'Yam gruel' increased SCFAs content. As shown in Fig. 3, SCFAs content in the colon (Fig. 3A) and cerebral cortex (Fig. 3B) were decreased in the model group when compared with the sham group (P < 0.05). 'Yam gruel' treatment reversed this situation and significantly increased SCFAs content in the colon and cerebral cortex (P < 0.01).

Figure 3.

Effect of 'yam gruel' on SCFAs. (A) The content of SCFAs in the colon content of each group; (B) The content of SCFAs in the cerebral cortical of each group. The content of SCFAs in the colon content and cerebral cortical in the model group were significantly reduced when compared with the sham group. However, compared with the model group, the content of SCFAs in the colon content and cerebral cortical in the 'yam gruel' group were significantly increased. Values are the means ± SD, n = 9. sham = sham group; model = model group; and 'yam gruel' = 'yam gruel' group. Symbols show significant differences between the following groups: *P < 0.05 and **P < 0.01 vs. sham group; #P < 0.05 and ##P < 0.01 vs. model group.

3.1.4 LPS contents

The LPS levels in serum were higher in the model group than in the sham group (P < 0.01). After four weeks of 'yam gruel' supplementation, LPS levels were significantly decreased (P < 0.05, Fig. 4).

Figure 4.

Effect of 'yam gruel' on LPS. The levels of LPS in the serum in the model group were significantly increased when compared with the sham group. Compared with the model group, the levels of LPS in the serum in the 'yam gruel' group were significantly reduced. Values are the means ± SD, n = 9. sham = sham group; model = model group; and 'yam gruel' = 'yam gruel' group. Symbols show significant differences between the following groups: *P < 0.05 and **P < 0.01 vs. sham group; #P < 0.05 and ##P < 0.01 vs. model group.

3.2 Effect of’ 'yam gruel' on oxidative stress and inflammatory response

3.2.1 Effect of 'yam gruel' on SOD and MDA

'Yam gruel' effectively improves the antioxidant capacity of rats. Compared with those in the sham group, SOD and MDA contents were either decreased or increased, respectively, in the model group (P < 0.05). Following treatment with 'yam gruel,' SOD levels increased, and MDA levels were decreased when compared with the model group (P < 0.05, Fig. 5).

Figure 5.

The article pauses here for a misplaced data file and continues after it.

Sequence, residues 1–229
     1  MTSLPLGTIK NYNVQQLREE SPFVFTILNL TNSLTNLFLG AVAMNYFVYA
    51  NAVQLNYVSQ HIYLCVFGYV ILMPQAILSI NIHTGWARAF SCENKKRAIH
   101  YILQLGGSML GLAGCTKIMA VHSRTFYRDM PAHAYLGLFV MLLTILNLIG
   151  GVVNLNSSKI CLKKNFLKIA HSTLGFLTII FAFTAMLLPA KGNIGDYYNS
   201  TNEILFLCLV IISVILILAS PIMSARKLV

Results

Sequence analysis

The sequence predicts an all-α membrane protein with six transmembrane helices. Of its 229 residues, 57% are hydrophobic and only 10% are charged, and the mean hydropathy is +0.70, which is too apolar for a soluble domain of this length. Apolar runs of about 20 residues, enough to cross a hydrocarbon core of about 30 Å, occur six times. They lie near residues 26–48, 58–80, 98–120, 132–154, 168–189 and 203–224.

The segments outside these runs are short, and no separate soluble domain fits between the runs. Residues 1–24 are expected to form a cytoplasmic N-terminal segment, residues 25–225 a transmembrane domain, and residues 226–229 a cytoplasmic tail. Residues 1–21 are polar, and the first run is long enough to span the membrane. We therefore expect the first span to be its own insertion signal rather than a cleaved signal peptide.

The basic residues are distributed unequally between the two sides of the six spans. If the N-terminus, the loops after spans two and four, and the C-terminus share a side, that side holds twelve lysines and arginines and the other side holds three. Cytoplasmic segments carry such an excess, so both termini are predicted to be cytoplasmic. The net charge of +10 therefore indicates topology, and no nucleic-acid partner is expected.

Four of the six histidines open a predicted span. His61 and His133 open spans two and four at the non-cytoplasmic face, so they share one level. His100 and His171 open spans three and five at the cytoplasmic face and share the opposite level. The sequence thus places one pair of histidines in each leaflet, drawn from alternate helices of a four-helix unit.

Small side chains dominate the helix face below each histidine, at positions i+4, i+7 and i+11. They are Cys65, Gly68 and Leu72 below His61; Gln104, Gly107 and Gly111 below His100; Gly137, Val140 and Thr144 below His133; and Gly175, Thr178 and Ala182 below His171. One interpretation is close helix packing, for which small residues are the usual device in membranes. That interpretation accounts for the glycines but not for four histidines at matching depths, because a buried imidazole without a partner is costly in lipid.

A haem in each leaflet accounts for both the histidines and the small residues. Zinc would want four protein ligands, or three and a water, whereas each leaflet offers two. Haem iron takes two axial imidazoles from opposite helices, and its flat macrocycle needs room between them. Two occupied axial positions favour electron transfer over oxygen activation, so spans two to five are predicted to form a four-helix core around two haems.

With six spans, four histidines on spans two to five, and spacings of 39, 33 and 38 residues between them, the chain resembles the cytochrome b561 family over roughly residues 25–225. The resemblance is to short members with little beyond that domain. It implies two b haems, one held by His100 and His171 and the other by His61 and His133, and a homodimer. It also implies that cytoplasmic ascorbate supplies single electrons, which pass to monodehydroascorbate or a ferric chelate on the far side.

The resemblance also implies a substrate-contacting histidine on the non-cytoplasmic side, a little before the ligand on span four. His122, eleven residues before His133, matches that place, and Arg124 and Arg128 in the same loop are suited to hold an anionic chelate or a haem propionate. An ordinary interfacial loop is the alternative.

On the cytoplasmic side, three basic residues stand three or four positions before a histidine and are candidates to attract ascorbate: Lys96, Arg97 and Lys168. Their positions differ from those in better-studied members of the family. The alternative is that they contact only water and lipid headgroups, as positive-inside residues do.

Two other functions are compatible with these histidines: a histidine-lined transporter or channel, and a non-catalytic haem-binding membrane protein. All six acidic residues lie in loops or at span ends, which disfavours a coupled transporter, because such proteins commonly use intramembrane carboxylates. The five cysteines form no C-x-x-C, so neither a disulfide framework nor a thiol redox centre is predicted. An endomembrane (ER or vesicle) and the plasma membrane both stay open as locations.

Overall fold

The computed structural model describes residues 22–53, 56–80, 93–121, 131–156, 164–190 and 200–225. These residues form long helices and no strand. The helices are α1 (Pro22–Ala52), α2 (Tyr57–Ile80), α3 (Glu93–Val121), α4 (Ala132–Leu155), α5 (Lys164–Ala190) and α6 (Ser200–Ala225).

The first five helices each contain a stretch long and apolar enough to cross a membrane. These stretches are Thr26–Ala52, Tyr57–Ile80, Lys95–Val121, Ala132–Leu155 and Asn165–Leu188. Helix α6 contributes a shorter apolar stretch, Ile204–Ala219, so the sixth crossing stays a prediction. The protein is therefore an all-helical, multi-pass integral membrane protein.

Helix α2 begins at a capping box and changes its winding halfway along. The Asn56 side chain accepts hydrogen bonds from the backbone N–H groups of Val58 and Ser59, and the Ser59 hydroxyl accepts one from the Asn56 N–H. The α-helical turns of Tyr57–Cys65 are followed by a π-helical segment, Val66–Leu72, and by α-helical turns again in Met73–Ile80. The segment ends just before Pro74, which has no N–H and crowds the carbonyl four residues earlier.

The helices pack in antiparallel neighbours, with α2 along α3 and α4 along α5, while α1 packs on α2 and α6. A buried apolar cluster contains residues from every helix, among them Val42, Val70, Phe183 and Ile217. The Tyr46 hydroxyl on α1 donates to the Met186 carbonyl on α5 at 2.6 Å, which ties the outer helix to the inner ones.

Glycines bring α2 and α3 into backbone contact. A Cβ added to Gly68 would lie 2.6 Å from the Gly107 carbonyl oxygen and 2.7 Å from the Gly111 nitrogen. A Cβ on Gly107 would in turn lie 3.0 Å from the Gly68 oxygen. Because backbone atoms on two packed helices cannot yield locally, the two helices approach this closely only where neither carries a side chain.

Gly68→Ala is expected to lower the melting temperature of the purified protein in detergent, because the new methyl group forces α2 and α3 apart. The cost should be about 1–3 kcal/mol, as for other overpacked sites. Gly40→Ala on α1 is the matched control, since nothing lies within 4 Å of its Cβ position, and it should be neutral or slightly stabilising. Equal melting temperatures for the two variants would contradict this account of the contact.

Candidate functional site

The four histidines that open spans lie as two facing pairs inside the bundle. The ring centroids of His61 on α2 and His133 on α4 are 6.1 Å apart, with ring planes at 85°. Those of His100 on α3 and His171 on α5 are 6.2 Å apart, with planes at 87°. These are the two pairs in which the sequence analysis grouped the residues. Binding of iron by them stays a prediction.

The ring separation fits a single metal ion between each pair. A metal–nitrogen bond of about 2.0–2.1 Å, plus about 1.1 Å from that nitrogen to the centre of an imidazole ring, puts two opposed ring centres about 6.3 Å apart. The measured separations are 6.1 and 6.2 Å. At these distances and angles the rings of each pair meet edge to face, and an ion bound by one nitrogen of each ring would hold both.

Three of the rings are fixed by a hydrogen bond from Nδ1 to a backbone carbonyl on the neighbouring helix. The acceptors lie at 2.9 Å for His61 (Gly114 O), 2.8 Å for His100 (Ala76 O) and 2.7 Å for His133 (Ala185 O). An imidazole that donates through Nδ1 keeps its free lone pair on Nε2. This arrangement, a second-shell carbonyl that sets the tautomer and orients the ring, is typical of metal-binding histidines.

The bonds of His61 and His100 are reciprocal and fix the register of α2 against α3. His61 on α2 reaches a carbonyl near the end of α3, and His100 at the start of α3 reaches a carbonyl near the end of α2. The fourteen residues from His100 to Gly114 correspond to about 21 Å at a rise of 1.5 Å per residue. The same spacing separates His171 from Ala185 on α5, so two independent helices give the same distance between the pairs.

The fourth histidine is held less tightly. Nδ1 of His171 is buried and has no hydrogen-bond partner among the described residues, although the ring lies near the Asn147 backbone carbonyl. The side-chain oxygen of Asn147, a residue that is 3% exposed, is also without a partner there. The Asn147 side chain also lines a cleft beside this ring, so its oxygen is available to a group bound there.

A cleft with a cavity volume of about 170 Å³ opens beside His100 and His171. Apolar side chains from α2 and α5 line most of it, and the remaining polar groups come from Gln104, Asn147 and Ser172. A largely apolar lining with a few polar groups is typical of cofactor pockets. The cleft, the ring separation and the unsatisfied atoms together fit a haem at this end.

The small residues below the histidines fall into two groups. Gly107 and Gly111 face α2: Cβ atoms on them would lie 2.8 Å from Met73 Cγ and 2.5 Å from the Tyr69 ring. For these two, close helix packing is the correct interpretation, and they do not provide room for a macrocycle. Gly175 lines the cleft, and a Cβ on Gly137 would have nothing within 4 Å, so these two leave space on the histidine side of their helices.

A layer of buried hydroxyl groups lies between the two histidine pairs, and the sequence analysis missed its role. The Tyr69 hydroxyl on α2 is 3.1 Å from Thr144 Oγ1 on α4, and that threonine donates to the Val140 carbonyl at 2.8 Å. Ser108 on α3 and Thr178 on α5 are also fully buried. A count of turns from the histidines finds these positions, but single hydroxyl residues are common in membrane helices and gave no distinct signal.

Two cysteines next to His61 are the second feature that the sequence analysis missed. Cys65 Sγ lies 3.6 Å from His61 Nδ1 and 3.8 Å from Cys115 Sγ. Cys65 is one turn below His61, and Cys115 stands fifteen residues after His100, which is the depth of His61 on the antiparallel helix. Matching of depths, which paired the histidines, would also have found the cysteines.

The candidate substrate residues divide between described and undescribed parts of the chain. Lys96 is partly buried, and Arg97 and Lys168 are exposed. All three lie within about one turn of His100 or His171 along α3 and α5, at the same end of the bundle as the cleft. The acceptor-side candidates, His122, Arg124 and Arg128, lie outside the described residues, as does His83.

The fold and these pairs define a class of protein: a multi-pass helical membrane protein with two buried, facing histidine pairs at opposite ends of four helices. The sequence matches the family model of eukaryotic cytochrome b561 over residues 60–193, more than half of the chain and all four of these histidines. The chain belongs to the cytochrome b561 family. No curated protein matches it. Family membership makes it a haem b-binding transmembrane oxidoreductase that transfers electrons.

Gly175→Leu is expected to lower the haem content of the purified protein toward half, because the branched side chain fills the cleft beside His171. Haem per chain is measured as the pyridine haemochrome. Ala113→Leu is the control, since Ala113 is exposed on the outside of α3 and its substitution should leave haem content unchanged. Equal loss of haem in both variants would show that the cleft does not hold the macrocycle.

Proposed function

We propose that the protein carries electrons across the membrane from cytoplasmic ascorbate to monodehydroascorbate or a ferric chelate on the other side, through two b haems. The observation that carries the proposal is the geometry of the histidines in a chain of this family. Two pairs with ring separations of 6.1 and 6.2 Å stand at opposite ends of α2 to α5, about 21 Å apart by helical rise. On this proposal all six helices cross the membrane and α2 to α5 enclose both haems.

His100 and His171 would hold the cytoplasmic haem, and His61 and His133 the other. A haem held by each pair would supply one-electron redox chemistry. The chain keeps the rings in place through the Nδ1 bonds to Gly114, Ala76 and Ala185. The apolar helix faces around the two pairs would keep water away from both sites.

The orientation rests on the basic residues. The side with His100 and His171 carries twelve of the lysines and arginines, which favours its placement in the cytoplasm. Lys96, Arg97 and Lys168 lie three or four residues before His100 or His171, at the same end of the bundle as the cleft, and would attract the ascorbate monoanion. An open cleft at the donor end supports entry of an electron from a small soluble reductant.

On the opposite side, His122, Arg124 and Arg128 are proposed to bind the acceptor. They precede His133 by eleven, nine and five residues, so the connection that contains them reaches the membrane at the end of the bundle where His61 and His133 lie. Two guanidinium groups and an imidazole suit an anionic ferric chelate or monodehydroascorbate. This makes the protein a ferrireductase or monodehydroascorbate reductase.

Effect of 'yam gruel' on SOD and MDA. (A) SOD levels of each group; (B) MDA levels of each group. The content of SOD was decreased while the content of MDA was increased in the model group when compared with the sham group. Compared with the model group, the content of SOD increased, and the content of MDA decreased in the 'yam gruel' group. Values are the means ± SD, n = 9. sham = sham group; model = model group; and 'yam gruel' = 'yam gruel' group. Symbols show significant differences between the following groups: *P < 0.05 and **P < 0.01 vs. sham group; #P < 0.05 and ##P < 0.01 vs. model group.

3.2.2 Effect of 'yam gruel' on TNF-α and IL-1β

'Yam gruel' had an anti-inflammatory effect on diabetic rats with focal cerebral ischemia-reperfusion injury. TNF-α and IL-1β levels in serum were higher in the model group than in the sham group (P < 0.01). Following four weeks of 'yam gruel' treatment, TNF-α, and IL-1β levels were significantly decreased (P < 0.05, Fig. 6).

Figure 6.

Effect of 'yam gruel' on TNF-α and IL-1β. (A) TNF-α levels of each group; (B) IL-1β levels of each group. The levels of TNF-α and IL-1β in the serum in the model group were significantly increased when compared with the sham group. However, compared with the model group, the levels of TNF-α and IL-1β in the serum in the 'yam gruel' group were significantly reduced. Values are the means ± SD, n = 9. sham = sham group; model = model group; and 'yam gruel' = 'yam gruel' group. Symbols show significant differences between the following groups: *P < 0.05 and **P < 0.01 vs. sham group; #P < 0.05 and ##P < 0.01 vs. model group.

3.3 Effect of 'yam gruel' on neurotransmitters and BDNF

3.3.1 Effect of 'yam gruel' on GABA and 5-HT

GABA (Fig. 7A) and 5-HT (Fig. 7B) levels were significantly reduced in the model group when compared with the sham group (P < 0.01). However, 'yam gruel' treatment significantly increased GABA and 5-HT levels when compared with the model group (P < 0.01).

Figure 7.